RNC conference call: BCRA lawsuit
posted at 11:05 am on November 13, 2008 by Ed Morrissey
RNC chair Mike Duncan held a conference call today to discuss the lawsuits it has filed to challenge the constitutionality of the Bipartisan Campaign Reform Act (BCRA), better known as McCain-Feingold. The irony of filing suit against one of the banner achievements of its presidential nominee did not go unnoticed. Duncan, currently embroiled in a battle to keep his position as chair after two successive national-election defeats, wants an end to the BCRA so that political parties can return to traditional building roles in the states:
Mr. Duncan said one suit will be filed in the District of Columbia to strike down the soft-money ban that is the central tenet of the McCain-Feingold Act — formally known as the Bipartisan Campaign Reform Act of 2002. “Soft money” is largely unrestricted contributions from wealthy individuals, corporations and labor unions.
The second suit will be in a Louisiana federal court to strike down the limits under the law Mr. McCain co-sponsored with Sen. Russ Feingold, Wisconsin Democrat, that control coordination between parties and their candidates.
“It prohibits us from spending over $84,000 in coordination with a candidate in a congressional race,” Mr. Duncan said. “That means we have to find some group to raise and spend money but without any coordination” with the candidate, his campaign or the RNC.
Duncan called from the Republican Governors Association meeting in Miami. The governors were apprised of the lawsuit last night.
They want the soft-money ban lifted immediately, especially for Virginia and New Jersey. They want to raise money for the state parties in order to compete for statehouse races. This impacts redistricting, and Duncan wants to ensure that Republicans have a voice in that in 2010. It also impacts standing in lawsuits; the RNC has to be able to spend money on lawyers in redistricting challenges. In California, the RNC cannot raise money for initiatives.
Duncan wants to get rid of the coordination rules, and are targeting William Jefferson’s district in order to overturn them. In order to get around them now, they have to donate to independent-expenditure units, which removes all controls on messaging. It encourages corruption to third parties and eliminates the accountability which prevents it within the political parties.
- Erick Erickson: Why wait until after the election, and doesn’t it slap John McCain in the face? — They had to wait for an election to show the damage done by the application of the law. They’ve also been encouraged by the direction of the court in the last couple of decisions on the BCRA.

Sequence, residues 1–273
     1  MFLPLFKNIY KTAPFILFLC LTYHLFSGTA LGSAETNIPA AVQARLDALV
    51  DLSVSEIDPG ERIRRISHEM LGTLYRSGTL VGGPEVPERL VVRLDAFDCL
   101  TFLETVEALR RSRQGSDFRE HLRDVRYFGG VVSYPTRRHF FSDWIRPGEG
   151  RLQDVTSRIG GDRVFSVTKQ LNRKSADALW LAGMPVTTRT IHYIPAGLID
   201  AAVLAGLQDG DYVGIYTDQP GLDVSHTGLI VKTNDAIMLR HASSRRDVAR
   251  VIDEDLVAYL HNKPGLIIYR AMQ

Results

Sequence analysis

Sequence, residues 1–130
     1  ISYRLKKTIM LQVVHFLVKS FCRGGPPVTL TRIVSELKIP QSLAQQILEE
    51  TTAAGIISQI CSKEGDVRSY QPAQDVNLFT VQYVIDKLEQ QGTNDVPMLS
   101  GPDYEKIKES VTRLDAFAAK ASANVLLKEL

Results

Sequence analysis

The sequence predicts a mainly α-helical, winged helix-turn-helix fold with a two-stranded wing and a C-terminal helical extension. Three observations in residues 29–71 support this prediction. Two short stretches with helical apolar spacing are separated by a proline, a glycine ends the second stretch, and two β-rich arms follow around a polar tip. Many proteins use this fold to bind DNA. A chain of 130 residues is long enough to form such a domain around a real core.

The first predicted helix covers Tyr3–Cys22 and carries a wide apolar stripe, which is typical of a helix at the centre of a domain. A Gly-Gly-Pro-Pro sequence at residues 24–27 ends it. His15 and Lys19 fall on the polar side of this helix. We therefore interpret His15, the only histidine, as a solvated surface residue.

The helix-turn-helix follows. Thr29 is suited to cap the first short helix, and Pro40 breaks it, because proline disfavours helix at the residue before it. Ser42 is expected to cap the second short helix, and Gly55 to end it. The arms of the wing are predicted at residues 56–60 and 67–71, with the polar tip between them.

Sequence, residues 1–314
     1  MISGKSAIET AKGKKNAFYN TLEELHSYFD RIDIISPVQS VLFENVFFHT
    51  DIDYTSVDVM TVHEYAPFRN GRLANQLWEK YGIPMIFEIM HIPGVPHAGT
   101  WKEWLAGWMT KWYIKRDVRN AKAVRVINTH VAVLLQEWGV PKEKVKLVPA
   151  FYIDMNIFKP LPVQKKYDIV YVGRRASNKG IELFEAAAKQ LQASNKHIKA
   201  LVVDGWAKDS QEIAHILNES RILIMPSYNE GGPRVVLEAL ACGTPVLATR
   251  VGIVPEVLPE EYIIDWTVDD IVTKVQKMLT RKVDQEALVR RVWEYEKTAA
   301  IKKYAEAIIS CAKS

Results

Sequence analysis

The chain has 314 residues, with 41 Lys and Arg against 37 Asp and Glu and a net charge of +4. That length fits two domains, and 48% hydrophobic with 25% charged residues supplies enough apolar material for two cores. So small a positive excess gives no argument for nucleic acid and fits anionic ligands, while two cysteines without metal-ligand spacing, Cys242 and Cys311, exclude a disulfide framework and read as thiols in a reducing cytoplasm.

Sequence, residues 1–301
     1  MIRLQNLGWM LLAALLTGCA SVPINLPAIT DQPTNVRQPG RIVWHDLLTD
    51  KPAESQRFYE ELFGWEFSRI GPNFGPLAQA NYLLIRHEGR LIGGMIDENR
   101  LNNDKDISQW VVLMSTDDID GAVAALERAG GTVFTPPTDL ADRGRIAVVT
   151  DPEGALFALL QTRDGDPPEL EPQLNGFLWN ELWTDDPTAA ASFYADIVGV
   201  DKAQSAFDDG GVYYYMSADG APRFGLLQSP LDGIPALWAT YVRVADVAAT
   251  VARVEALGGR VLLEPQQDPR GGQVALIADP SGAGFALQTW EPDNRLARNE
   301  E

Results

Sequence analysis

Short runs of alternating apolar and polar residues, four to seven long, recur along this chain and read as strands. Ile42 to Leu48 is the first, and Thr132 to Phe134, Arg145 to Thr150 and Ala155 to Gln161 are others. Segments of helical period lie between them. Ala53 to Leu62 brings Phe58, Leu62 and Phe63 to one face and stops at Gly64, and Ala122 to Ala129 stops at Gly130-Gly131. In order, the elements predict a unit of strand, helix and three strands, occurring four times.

- Me: Is this part of an effort to recapture the conservative message after two successive national-election failures? — This is a center right nation and the GOP is a conservative party. This is about protecting freedom of speech.
- Reed Wilson, RCP: Do you think this will go all the way to the Supreme Court, and is the redistricting focus a catch-up plan regarding the Democrats? Duncan feels very good about this; the earlier case involving McConnell went almost directly to SCOTUS, and the Louisiana case needs to be resolved by December. They’ve been working hard on redistricting for a while.
- Ross Kaminski, Human Events: McConnell lacked standing for some of his claims; will that be a problem for the RNC? Duncan says they have “a compelling fact circumstance” that shows they’ve been impacted negatively by this.
It’s too bad that the RNC didn’t try this after 2006. Most of the “compelling fact circumstance[s]” could have been established in that cycle as well. It may have been a little embarrassing to have lawsuits attempting to overturn the nominee’s agenda during the presidential campaign, but (a) we lost anyway, and (b) it may have kept McCain from winning the nomination in the end.
Nevertheless, this is a good move by the Republican Party to end government control of legitimate political activity and political speech. Hopefully, the Supreme Court will finally dismantle the BCRA and force Congress to adopt the more open-source approach of requiring 100% transparency on all donations instead.